Croatia's President, Zoran Milanovic, said on Tuesday that he intended to veto the decision to allow Finland and Sweden to join the Nato alliance.
“In my capacity as the head of state representing Croatia at the Nato summit, I will veto the invitation, if it is extended at that level,” Milanovic told reporters in Vukovar.
Milanovic’s statement was part of yet another meandering rant which have become the main hallmark of his public appearances, which local media cover on an hourly basis. Last week, Milanovic said he was opposed to approving Nato membership for Finland and Sweden, unless the US steps in to change the election law in neighboring Bosnia to the benefit of Bosnian Croats.
Croatia is one of 30 countries members of Nato, and the alliance is expected to hold a summit in Madrid later this month. According to international media, the traditionally neutral Sweden and Finland are likely to formally submit a membership by the time Nato holds a scheduled summit in June.
It is unclear whether Milanovic has any authority to block other countries from joining the bloc, as Croatia’s head of state is largely a ceremonial figure, with very few legislative powers – apart from formally commanding the military and the intelligence service SOA.
On Tuesday, Finland said its parliamentary committee would issue a recommendation on potential Nato membership by May 13, and Germany said it would support the bid. Although Milanovic is adamantly opposed to extending Nato membership to these two Scandinavian countries, it is not entirely clear whether he would be able to do anything about it.
Nato membership for any future members must be ratified by all existing countries, and in Croatia this is done through Parliament, which is controlled by the conservative HDZ party led by Prime Minister, Andrej Plenkovic. Milanovic earlier threatened that he would “pursue” any MP voting in favor of their membership.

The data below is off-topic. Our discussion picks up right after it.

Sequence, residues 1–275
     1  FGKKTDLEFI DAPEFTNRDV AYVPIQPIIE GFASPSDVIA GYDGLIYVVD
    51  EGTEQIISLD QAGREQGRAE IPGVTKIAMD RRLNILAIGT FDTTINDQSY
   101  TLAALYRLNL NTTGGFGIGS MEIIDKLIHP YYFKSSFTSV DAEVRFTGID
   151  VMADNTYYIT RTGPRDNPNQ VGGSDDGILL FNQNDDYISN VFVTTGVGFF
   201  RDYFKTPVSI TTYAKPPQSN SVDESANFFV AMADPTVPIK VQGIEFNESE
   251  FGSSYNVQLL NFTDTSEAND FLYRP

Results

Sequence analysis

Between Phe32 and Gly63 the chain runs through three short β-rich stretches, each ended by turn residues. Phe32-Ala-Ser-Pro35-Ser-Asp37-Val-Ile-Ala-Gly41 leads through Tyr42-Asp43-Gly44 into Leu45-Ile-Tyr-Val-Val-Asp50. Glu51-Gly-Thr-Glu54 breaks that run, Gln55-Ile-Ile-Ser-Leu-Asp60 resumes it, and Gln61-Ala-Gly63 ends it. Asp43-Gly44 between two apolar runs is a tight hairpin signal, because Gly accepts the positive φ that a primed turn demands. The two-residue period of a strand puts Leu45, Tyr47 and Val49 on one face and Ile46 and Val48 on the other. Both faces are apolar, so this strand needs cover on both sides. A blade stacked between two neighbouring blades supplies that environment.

“If the invitation is sent through lower levels, Milanovic said he was not sure he would be able to make the Croatian ambassador accept his position and veto the invitation,” state agency Hina said.
Milanovic added that he was “not afraid of either of Russia or of Ukraine,” and claimed that he was “on the Croatian side,” determined to fight “for the Croatian state and nation.” Milanovic repeated his attacks against the Prime Minister Andrej Plenkovic’s government, saying it was pursuing “a treacherous policy” towards Bosnian Croats.
Milanovic recently decided to take up the cause of the main Croat nationalist party in Bosnia, HDZ, which has been claiming for years that ethnic Croats are being “outvoted” in by ethnic Bosniaks in the Bosnian elections. Although leaders of all parties have had endless rounds of talks on changing the election law, no concrete proposals have been set forth ahead of the October general election.
In another rant last week, Milanovic described the potential Nato membership for Finland and Sweden as a “very dangerous adventure.” Since becoming President in February 2020, Milanovic – formerly the country’s Prime Minister and leader of the Social Democrats – has become known for provocative statements and rants usually involving bickering with PM Plenkovic or his ministers.
In late January, as Russian forces began amassing on Ukrainian border, Milanovic dismissed the notion of Ukraine becoming part of the NATO alliance, and in early February accused Western countries of “warmongering” in Ukraine. His statements also earned him inclusion into the infamous Ukrainian Myrotvorets online blacklist which publishes information about people deemed “enemies of Ukraine,” where he has been accused of “disseminating Russian propaganda.”
Also on Tuesday, Milanovic insisted that he was not “taking Russia’s side” and continued to slam PM Plenkovic, describing his cabinet as “a clique” over perceived inaction in changing the election law in Croatia’s neighboring country.
“The Russians are playing their game. They are the aggressor in this war. And we have our own clique, working actively against the interests of Bosnian Croats. I took an oath to protect them, too, and I will die a political death for them, if necessary,” Milanovic told reporters.